Somewhere along the line, logic and reality have not reconciled the meme that cash is dead because everyone uses credit cards. Although there has been an increase in credit card usage because of the COVID-19 pandemic and quarantine orders, banks and retail outlets have been reporting a shortage of cash.
For the most part, the U.S. Mint coin manufacturing processes have been fully operational during the pandemic except closing West Point briefly. The coin factory is mostly automated and does not require many workers. The U.S. Mint reports that the offices that include in the engravers are working from home, but the manufacturing continues.
But reports from the St. Louis Federal Reserve noted that even with the reduction in foot traffic, the rate of people paying with cash remained steady. The San Francisco Federal Reserve noted that the rise in credit card use coincides with the increase in online shopping.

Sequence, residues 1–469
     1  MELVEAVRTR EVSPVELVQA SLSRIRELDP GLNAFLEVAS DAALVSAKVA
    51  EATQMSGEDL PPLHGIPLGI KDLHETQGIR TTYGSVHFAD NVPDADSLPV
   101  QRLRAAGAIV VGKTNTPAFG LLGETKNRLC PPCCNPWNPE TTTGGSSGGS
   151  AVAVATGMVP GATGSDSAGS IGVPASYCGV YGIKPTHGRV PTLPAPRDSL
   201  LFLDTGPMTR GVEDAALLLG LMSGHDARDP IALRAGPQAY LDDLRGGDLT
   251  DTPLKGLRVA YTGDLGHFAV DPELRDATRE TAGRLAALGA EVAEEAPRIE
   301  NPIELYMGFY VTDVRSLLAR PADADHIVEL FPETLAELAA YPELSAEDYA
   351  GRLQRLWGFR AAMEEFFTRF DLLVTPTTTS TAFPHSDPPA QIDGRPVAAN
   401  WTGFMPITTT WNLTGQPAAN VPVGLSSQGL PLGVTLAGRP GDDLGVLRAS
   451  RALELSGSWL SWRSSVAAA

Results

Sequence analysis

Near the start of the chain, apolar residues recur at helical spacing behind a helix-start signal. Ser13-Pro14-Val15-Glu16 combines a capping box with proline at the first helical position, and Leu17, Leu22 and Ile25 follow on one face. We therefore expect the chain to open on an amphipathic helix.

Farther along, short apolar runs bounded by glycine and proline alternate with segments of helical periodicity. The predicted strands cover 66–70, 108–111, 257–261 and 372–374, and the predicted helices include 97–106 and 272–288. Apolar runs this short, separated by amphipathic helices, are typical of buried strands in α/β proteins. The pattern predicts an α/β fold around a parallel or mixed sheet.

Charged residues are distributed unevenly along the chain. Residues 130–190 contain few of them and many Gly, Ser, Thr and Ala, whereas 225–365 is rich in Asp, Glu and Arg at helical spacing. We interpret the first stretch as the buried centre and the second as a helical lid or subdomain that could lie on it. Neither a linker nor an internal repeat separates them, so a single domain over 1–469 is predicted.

The U.S. Mint is not the cause of supply chain problems. The problems are within the Federal Reserve and how they operate their coin storage. When Federal Reserve Chairman Jerome Powell discussed the coin shortage, he also said that the problems magnified when the quarantine impacted the logistics companies that move the coins from place to place.
Like many things, congress took the wrong message from Powell and prompted what may be a necessary action but for the wrong reasons. Sens. Mike Enzi (R-WY), and Maggie Hassan (D-NH) introduced the Coin Metal Modification Authorization and Cost Savings Act (S. 4006) to allow the U.S. Mint to change the metal used in your change.
While the senators are patting themselves on the back for looking like they are doing something, changing coning metals will not help. Although the U.S. Mint has studied alternative metals, several steps will take many years to complete. Canada and the United Kingdom have to change coins and coining metals in recent years. Both countries made the transition in four years and continued to have problems.